Israel Planning Fence on Egypt Border

By MARK LAVIE
The Associated Press
Thursday, July 5, 2007; 3:42 PM

JERUSALEM -- Israel is planning to build a sophisticated fence to prevent smuggling and infiltration across its long desert border with Egypt, an army publication reported, the latest effort to fortify the frontier.

"Bamahane," the army's weekly magazine for soldiers, said in its current issue that the border fence would have sensors to pick up attempts to cross and would include obstacles to stop infiltrations. The article gave no further details.

The 135-mile border cuts through desolate landscape at the edge of the Sinai Desert.

Israel and Egypt signed a peace treaty in 1979, and the border has never been heavily fortified. In some places, it is not even clearly marked. Israel sends only mobile patrols through those areas, leaving the border wide open for smugglers to bring in contraband, drugs, illegal workers, prostitutes and, most recently, refugees from Sudan.

There is also a security threat. In January, a Palestinian suicide bomber exited Gaza to Egypt, apparently through a tunnel under the border, made his way around to the Israel-Egypt border, crossed undetected and entered the southern Israeli resort of Eilat. There he blew himself up, killing three Israelis.

The Israeli military has long warned of arms smuggling across the largely unguarded border, supplying Palestinian militants in the West Bank.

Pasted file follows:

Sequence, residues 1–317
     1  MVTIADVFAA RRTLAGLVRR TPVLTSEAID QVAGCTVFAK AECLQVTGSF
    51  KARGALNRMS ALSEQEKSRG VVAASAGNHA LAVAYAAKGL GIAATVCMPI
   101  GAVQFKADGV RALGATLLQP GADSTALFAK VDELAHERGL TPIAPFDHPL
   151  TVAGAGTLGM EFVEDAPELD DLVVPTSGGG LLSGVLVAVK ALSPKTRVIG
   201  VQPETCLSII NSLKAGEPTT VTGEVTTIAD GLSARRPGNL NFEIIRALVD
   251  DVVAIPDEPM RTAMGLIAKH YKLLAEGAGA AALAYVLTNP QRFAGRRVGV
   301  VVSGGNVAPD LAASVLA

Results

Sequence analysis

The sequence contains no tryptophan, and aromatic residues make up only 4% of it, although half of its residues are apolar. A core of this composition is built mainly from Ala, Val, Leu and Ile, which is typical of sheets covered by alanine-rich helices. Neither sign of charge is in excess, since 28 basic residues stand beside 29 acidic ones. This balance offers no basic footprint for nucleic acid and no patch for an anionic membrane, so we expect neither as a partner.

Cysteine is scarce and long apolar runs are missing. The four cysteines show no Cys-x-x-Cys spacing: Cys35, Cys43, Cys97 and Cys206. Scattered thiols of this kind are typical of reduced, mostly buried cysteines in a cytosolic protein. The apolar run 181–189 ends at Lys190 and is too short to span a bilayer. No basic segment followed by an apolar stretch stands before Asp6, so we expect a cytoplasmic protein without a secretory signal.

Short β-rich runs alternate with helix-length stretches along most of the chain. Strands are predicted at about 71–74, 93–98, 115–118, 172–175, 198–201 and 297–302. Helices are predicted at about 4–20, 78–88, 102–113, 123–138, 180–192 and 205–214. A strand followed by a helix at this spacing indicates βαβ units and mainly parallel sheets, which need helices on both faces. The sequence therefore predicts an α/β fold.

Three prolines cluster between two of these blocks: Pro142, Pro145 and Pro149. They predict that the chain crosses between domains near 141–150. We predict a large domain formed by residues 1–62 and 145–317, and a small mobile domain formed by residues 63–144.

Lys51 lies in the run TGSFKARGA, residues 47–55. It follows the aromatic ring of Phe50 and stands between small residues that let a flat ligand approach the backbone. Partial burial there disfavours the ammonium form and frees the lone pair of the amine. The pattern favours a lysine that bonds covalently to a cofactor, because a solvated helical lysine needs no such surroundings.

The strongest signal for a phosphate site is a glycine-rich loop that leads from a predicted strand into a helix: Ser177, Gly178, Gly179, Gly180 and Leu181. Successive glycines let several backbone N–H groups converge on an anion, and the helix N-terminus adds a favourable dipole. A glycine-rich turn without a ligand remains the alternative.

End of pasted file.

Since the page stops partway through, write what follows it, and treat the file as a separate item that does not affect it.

The magazine quoted Col. Eitan Yitzhak, the commander of the southern sector's engineering corps, as saying the border must be made impenetrable. "We must make sure that we have the means to prevent terror attacks like the one that took place in Eilat," he said.

More attention has been given in recent years to the Gaza-Egypt border, the northern extension of the border with Israel. Digging dozens of tunnels over the past decade, Palestinians have smuggled in large quantities of weapons and ammunition. Israeli and Egyptian forces have been unable to stop the smuggling, though that segment of the border is only about 10 miles long, while the Israel-Egypt frontier is many times that length _ underlining the scope of the task to close it off to smugglers.

The magazine did not say when the fence construction would begin, how long it would take or how much it would cost. Previous plans to fortify the long desert border, with pricetags in the hundreds of millions of dollars, were never implemented.


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